BWW Review: WILLEMIJN VERKAIK IN CONCERT, Cambridge TheatreIt's almost er... wicked for a theatre to stand dark on a Monday evening while a show's cast and other staff take a well earned break, but every so often, a performer or company will work around a set and in-house branding (Matilda in this case) and put something up. That's what long-running Wicked West End, Broadway and European Tour Elphaba, Willemijn Verkaik, did - with a little help from her friends.

We don't get the greenface (though, for those of us lucky to be close enough, we do get the green eyes), but we get the singing, in full belt and head voice styles, deployed for a wide range of material, opening with (of course) "Let It Go" - in English, Dutch and German, as seen here. There are forays into country, blues, a selection of George Michael's greatest hits and, as a finale, the crowdpleasing signature song Defying Gravity.

The music, by an impressive eight piece band, is louder than musical theatre but not quite peak Motörhead, reflecting the hybrid nature of the event. We're sitting in stalls, though some would clearly like to dance and singalong with their favourites and Willemijn's chat between the songs was a little laboured - c'mon, we wanted a little backstage gossip! It's not musical theatre, it's not cabaret and it's not a gig - it's a traditional concert, and no less worthy for that.

Her guests, as you might imagine, were West End royalty, Glindas, Suzie Mathers and Savannah Stevenson joining La Verkaik for a scintillating acapella session and a Les Mis duet with Celinde Schoenmaker knocking Susan Boyle out of the park. Tyrone Huntley was in his usual immaculate form on a night off too and the kids (from Stagebox) fought some tech issues and the significant challenge of delivering a Sondheim medley, to win over the audience with charm and delight.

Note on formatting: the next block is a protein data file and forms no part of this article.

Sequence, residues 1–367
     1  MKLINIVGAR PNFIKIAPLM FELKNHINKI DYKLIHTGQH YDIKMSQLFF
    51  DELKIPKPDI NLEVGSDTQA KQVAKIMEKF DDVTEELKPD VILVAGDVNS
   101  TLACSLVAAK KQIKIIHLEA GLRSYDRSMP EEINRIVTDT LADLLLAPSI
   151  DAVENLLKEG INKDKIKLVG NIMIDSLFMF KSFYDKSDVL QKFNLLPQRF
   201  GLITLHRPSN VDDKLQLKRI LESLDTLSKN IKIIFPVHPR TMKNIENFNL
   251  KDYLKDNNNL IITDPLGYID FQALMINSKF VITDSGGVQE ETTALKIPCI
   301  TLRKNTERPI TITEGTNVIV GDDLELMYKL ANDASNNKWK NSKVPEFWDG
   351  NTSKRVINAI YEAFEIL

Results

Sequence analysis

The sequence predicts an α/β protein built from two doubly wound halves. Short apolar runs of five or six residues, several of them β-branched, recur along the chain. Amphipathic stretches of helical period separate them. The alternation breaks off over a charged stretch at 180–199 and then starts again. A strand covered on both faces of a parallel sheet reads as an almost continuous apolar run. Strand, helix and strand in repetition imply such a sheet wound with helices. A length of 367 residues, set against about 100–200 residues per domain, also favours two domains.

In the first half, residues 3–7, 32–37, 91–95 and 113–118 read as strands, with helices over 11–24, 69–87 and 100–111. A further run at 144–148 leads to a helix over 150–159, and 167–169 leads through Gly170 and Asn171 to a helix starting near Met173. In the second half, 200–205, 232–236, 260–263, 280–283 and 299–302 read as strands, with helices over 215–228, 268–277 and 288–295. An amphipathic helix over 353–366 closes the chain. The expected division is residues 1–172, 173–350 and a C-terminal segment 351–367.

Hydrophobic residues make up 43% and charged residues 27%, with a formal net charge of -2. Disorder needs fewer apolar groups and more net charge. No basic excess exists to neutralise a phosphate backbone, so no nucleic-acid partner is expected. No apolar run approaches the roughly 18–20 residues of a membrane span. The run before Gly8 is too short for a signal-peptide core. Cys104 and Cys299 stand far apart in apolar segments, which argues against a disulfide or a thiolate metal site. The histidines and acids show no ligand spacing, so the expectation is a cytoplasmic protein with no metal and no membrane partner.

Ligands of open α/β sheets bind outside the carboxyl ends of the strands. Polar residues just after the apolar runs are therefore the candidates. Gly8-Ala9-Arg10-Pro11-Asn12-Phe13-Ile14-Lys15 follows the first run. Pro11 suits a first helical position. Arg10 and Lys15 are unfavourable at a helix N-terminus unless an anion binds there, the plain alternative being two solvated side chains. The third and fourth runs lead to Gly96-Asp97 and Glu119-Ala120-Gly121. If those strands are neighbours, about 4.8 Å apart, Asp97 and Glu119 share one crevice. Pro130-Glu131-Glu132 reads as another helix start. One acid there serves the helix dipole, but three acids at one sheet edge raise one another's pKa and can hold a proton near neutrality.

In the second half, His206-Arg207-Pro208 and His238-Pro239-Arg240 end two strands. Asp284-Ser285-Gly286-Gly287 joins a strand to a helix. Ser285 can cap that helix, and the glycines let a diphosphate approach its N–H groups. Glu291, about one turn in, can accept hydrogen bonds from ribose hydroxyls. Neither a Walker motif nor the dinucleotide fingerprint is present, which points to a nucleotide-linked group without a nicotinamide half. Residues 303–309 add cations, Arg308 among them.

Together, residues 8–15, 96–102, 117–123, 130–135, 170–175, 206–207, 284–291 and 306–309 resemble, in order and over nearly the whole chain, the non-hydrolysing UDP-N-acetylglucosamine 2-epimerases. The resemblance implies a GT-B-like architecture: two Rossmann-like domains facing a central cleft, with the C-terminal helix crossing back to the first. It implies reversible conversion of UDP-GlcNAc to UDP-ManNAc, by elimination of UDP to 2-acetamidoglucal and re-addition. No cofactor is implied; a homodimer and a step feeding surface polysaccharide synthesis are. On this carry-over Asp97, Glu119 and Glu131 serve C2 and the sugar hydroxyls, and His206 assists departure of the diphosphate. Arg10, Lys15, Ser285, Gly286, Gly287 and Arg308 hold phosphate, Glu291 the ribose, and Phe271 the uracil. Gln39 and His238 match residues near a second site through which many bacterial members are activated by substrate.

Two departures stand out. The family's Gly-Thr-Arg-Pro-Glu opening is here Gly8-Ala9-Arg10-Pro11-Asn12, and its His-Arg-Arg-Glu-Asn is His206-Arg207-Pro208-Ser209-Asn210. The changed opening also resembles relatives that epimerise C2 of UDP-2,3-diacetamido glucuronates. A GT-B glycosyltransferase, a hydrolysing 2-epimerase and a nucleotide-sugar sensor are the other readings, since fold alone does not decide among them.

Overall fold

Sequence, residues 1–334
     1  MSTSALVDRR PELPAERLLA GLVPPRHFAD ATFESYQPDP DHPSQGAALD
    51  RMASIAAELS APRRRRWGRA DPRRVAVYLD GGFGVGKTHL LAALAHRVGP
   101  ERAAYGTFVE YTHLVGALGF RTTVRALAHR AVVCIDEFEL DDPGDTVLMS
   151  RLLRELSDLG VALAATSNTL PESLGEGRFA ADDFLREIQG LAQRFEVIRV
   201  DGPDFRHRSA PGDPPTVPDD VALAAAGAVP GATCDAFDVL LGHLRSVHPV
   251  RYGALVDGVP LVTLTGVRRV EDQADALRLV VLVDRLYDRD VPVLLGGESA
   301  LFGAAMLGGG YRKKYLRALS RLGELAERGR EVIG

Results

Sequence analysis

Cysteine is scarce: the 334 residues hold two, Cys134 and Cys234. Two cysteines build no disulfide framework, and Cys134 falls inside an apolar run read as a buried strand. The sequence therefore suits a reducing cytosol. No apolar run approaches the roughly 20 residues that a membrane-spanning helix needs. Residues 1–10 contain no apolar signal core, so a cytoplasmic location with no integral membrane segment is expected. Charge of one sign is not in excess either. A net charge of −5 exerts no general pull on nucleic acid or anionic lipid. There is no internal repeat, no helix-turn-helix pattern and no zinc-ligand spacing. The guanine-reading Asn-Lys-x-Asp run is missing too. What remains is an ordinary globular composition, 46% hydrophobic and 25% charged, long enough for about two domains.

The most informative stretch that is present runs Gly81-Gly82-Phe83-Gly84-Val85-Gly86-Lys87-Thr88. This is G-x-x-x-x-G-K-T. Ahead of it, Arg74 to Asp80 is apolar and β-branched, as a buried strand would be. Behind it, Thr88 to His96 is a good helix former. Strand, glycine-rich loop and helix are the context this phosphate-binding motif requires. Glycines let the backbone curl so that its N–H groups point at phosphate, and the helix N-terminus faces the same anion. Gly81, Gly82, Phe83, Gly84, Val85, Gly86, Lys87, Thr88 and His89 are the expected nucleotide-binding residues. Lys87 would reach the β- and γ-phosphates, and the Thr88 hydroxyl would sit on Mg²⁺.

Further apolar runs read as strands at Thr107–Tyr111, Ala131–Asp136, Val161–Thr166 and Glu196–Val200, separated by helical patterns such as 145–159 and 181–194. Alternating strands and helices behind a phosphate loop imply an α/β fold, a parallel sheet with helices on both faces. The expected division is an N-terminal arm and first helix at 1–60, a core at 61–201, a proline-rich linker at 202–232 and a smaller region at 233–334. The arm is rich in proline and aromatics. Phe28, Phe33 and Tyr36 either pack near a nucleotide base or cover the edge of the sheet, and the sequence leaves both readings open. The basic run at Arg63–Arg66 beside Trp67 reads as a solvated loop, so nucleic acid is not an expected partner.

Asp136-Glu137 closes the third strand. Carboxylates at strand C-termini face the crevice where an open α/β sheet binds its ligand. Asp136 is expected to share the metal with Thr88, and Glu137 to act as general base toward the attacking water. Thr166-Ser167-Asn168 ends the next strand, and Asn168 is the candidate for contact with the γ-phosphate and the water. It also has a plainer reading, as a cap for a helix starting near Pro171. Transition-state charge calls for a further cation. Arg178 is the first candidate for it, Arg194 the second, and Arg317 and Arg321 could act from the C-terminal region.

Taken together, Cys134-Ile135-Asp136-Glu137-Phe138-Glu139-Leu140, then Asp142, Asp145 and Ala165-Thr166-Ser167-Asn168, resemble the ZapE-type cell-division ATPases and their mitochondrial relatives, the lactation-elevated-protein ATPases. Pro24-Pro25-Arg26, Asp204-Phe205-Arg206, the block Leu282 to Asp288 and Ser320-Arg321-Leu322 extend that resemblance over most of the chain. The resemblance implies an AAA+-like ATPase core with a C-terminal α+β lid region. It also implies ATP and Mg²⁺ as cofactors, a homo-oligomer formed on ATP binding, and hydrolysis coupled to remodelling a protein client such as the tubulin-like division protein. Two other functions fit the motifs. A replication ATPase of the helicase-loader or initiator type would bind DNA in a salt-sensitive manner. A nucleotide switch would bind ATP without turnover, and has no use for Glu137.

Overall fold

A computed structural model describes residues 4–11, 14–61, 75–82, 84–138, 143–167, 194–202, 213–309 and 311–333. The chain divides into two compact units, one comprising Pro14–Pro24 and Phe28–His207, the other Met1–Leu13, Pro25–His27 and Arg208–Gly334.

If the one-off nature of the event was shown in that handful of tech problems and the slightly clumsy links, these events are always worth catching to see big stars off the leash and enjoying themselves. You don't quite know what you're going to get - but that's half the fun and, to be honest, with voices like these, if all they did was to read out the telephone directory, it'd still be worth listening!

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From This Author Gary Naylor

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